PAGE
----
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Author Topic: What constitutes a landslide victory?  (Read 28474 times)
Todd Whiting
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« on: November 05, 2003, 07:24:06 pm »
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I am doing some research prior to writing a letter to the editor of my loacal newspaper. What percentage of the vote constitutes a landslide victory?

I would like to comment on a local race wher one candidate won with 65% of the vote, and the challenger recieved 35%. I don't want to refer to it as a landslide if it does not fit the bill.



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Kevinstat
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« Reply #1 on: November 05, 2003, 08:51:56 pm »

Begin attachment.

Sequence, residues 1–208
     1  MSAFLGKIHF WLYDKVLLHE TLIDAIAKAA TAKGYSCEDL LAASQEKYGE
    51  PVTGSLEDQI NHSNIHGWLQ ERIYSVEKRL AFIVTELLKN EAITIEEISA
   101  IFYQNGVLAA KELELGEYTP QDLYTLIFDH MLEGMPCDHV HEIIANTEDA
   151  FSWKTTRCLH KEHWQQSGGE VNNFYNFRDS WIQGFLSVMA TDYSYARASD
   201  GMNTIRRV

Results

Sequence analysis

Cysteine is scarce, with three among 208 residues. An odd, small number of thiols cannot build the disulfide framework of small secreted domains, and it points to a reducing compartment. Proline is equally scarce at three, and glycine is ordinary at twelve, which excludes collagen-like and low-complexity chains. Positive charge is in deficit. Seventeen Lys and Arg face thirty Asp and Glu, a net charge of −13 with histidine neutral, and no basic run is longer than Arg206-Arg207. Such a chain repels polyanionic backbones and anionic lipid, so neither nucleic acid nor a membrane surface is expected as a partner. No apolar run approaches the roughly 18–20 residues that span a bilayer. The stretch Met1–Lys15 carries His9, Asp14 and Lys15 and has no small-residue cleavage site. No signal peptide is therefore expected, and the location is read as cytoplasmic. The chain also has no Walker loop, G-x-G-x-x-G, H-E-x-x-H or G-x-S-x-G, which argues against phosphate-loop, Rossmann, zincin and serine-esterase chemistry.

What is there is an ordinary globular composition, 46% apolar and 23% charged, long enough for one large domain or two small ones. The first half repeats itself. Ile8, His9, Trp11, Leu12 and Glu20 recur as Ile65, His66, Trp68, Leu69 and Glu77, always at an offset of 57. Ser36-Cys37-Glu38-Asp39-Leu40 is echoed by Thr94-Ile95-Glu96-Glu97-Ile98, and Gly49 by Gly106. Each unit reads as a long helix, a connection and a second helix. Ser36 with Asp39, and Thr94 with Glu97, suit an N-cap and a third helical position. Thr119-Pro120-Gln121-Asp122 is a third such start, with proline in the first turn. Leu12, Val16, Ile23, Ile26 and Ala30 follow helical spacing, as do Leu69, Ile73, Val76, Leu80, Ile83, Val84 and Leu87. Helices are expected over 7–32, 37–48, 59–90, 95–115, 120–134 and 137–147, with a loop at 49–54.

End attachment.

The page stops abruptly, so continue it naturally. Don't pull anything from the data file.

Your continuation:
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People love to use strong sounding terms these days, and I think the term landslide is probably used to describe races that a generation ago would not have been called landslides.  Some people use a 20% margin of victory (which in a two-way race would be 60% to 40%) as the boundary between a landslide win and merely a "comfortable" win.  See the Center for Voting and Democracy's summary of 1998 election predictions at http://www.fairvote.org/reports/monopoly/predict/ .  Still, if a candidate gets close to four out of every ten voters (I know it's also two out of every five but people often think more in powers of ten) to vote for him or her, it doesn't seem to me like that candidate has been defeated in a landslide even if all the remaining voters voted for one other candidate.  Most people will consider a two to one victory in a two way or nearly two way (if there are some other candidates but they get a very small percentage of the vote) race as a landslide, and I feel I agree with that.  A third of the vote is a sizable portion of the vote, but two-thirds is a very large majority and most legal hurdles in America (like overriding vetoes and in my home state of Maine sending bond issues or constitutional amendments to the people) that require more than a simple majority of the vote require two-thirds of the vote, giving that fraction some significance and suggesting that the founding fathers thought that was a landslide victory.  A 65% to 35% result is close to two to one, and I think you could get away with calling that a landslide.  You might get a whining letter to the editor from the local grouch who supported the losing candidate (and who perhaps remembers a time when such a result would not have been considered a landslide), but I think the editor or whoever checks your work (if anyone) before it goes to the paper would have no problem with it and may even suggest you add it if you didn't use the word landslide.  Good luck in writing your article and in deciding whether or not to use the term landslide.